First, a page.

Photo: NPS

Size: 
229.6 sq. mi.

In the arid grasslands that constitute Petrified Forest National Park, temperatures range from below freezing to above 100°F, providing a unique habitat for southwestern birds including raptors, songbirds, and warblers. By 2050, 18 species of birds could be extirpated from the park in the summertime including the iconic Gray Flycatcher, Sage Thrasher, and Sagebrush Sparrow. The Horned Lark, the only true North American lark, is the park’s most abundant bird species. But that may change, as the park’s climate is projected to become less suitable for the bird over the coming decades. As park managers respond to these threats, it is recommended they protect grasslands, streamside trees, and shrubs.

  • summer
  • winter

Suitable climate for these species is currently available in the park. This list is derived from National Park Service Inventory & Monitoring data and eBird observations. Note, however, there are still imperfections in these datasets.

These are species that may find the new climate conditions of this park suitable by 2050. But projected changes in climate suitability are not definitive predictions of future species ranges or abundances. Numerous other factors affect where species occur, including habitat quality, food abundance, species adaptability, and the availability of microclimates.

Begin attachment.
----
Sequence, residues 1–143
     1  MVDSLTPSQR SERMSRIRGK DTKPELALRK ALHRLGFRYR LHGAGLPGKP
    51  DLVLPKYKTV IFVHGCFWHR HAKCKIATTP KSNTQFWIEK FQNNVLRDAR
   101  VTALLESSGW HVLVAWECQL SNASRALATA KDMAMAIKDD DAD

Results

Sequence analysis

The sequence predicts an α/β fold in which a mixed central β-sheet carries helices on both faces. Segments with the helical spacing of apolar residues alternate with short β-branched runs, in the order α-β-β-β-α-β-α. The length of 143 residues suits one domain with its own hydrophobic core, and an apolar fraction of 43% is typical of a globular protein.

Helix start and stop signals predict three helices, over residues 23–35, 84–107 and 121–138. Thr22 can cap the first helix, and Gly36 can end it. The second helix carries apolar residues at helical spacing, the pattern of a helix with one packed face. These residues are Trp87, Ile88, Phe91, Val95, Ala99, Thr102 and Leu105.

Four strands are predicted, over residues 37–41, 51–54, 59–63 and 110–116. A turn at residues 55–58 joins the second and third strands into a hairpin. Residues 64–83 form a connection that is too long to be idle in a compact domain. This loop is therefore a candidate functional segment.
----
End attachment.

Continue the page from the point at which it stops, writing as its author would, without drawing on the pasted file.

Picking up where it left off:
Within this park, suitable climate for these birds ceases to occur by 2050. Species may either adapt to the park’s new climate or may follow suitable climate elsewhere.

Suitable climate for these species is currently available in the park. This list is derived from National Park Service Inventory & Monitoring data and eBird observations. Note, however, there are still imperfections in these datasets.

These are species that may find the new climate conditions of this park suitable by 2050. But projected changes in climate suitability are not definitive predictions of future species ranges. Numerous other factors affect where species occur, including habitat quality, food abundance, species adaptability, and the availability of microclimates.

Within this park, suitable climate for these birds ceases to occur by 2050. Species may either adapt to the park’s new climate or may follow suitable climate elsewhere.

This Park in Context

The extent of turnover, potential colonization, and potential extirpation varies among the 53 national parks featured on this website. Below, see how this park compares to others in summer and winter. Click on a circle to explore results for another park.

  • summer
  • winter

American Goldfinch. Photo: Lynn Cleveland/Audubon Photography Awards